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First Steps

In the haze that follows a new diagnosis of an infant, there are several things that you can start doing right away.

  1. Make an appointment with a pediatric endocrinologist. Your pediatrician can give you the name of a good one. The appointment should be made ASAP as it may take 2-4 months to get an appointment. Note that sometimes the geneticist can also take responsibility for prescribing growth hormone.
  2. Make an appointment for a sleep study. Most pediatric endocrinologists will require a sleep study before the prescribe HGH. It may take 1-2 months to get an appointment for a sleep study. The pediatric endocrinologist or your pediatrician can give you a referral for a sleep study.
  3. Consider calling PWSAUSA and determining the closest PWS expert to your area. We went ahead and booked an appointment with our closest expert for a second opinion. This is probably not necessary but we have already found it to be useful.
  4. Read up on HGH from the information supplied by PWSAUSA.

Important Links

My personal views on GH

The thing I cling to above all is the belief that early stimulation can lead to cognitive development. I believe that GH allows for movement which allows for exploration of the environment which allows for the neurological stimulation which allows for cognitive development and normal intelligence. Read the posts of the moms of kids who went on GH early. Their kids are of normal intelligence and sometimes even smart. There is no proof that it is the growth hormone that allows for this, but I believe that it is a huge component.

What to Expect

Every child responds differently to starting GH. We thought that we could imagine improvements after a week. After two weeks we saw improvements. The most striking thing we noticed, however, was that Kian no longer floated on top of the water in the tub. Instead, after one month his little body was below the water with only the tips of his knees breaking through the surface. Now after 2 1/2 months on GH, his body sinks so that it touches the bottom of the tub. I attribute this change in flotation to the change in body composition toward decreased fat and increased lean muscle.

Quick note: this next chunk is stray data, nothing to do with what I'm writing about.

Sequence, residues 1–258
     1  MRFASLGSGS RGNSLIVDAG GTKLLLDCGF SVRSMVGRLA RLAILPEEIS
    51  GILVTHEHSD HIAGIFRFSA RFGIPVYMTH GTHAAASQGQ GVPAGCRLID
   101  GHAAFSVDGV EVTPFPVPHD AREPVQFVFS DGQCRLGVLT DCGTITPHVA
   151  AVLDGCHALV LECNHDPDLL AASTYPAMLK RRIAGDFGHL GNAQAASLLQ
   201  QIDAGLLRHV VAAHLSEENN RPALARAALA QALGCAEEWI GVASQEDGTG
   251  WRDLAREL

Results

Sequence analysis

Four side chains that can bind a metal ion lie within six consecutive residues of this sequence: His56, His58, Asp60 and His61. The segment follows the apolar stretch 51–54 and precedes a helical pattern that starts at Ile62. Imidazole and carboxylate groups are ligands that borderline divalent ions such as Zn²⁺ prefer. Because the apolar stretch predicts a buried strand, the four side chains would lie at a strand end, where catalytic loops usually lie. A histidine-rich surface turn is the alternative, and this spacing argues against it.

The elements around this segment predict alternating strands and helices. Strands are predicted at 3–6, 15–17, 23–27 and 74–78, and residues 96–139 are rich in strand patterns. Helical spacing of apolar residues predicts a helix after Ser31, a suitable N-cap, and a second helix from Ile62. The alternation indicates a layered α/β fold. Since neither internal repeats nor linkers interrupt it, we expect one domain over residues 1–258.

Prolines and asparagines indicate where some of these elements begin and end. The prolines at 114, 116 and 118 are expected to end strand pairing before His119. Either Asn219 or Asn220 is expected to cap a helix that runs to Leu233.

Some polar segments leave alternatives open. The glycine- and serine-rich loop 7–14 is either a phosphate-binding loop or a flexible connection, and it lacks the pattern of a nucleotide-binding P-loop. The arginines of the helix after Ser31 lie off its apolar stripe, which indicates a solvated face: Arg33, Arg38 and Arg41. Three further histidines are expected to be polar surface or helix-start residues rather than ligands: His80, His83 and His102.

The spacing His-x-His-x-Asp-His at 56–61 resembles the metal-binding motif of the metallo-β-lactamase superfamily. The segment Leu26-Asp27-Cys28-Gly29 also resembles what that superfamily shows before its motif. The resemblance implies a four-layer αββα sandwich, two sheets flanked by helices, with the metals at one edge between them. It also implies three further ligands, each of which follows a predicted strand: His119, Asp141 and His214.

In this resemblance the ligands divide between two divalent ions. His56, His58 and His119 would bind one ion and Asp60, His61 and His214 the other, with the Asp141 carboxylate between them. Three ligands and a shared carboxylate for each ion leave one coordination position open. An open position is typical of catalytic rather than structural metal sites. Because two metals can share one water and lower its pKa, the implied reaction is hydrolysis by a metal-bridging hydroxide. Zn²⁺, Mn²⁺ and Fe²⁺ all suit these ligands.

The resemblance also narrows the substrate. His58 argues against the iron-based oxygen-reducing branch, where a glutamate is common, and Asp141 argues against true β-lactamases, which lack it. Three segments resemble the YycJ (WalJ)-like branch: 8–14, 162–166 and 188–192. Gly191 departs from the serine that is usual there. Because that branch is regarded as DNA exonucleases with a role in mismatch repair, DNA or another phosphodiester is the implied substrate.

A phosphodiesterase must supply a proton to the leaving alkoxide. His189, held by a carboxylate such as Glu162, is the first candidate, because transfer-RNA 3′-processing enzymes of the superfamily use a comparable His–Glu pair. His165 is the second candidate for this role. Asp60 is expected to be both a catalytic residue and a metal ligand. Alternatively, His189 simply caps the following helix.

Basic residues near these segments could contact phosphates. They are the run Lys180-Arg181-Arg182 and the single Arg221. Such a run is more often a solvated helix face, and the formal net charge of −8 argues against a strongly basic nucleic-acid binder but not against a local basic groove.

Here is another mother's story: Georgie just started it on November 19th - He was 4 1/2 months old. After reading all the posts about what to expect, I really had no clue what would happen. 2 days after starting it, he rolled off of the couch! Although I was scared to death (he was fine after a checkout at the ER) I was totally surprised that he had moved at all! He had kicked and moved his arms but had never even begun to roll. That day he didn't actually roll over but had rolled to his side and his momentum carried him off the couch. Regardless it was phenomenal progress in a couple of days!

As of today, he has been on GH for 4 weeks. While he is still sleepier than a "normal" child, he is much more alert and awake for much longer. He is so much more vocal than before and actually cries when the bottle is taken out of his mouth and he's not finished with it. He smiles more and is just so much more like an average baby. When my daughter was an infant and she cried, I felt anxious and stressed. Now when Georgie cries I smile to myself and actually laugh because I can't believe he's making noise!

He's still small - 24 in long and 11 lb 8 oz at 5 months, but he's growing. His head control has improved incredibly and his legs are getting much stronger. I know that the GH affects our kids differently, but so far it has been like a miracle for Georgie.

Cognitive Component

With regards to GH, please don't rule out the contributions that GH can make to the development of the central nervous system, specifically cognition. I know that there are no studies yet to show that GH increases IQ in our kids, but I know that my son's developmental pediatrician believes that this will be shown to be true.

I think if you spend some time researching you will see that, while not proven with PWS, there is reason to believe that GH could improve cognition in kids with PWS. For example, GH declines with age and this decline is theorized to be related to the decline in cognition associated with aging. See the first abstract below. Also, you see below an abstract on 18q deletion syndrome where those kids had an average nonverbal IQ increase of 17 points with GH. I am sure that there are better abstracts out there to make my point, but I don't have time right now to research it. Just please throw this cognitive component into the mix while you are considering.

My little boy is now 19 months and has been on GH since he was 3 months old. To the extent that such things can be measured at 19 months, his intelligence appears to be comfortably average. Of course I am his mother and I am convinced he is brilliant! :)

Eur J Pharmacol. 2004 Apr 19;490(1-3):87-95. Related Articles, Links Click here to read Insulin-like growth factor-I, cognition and brain aging.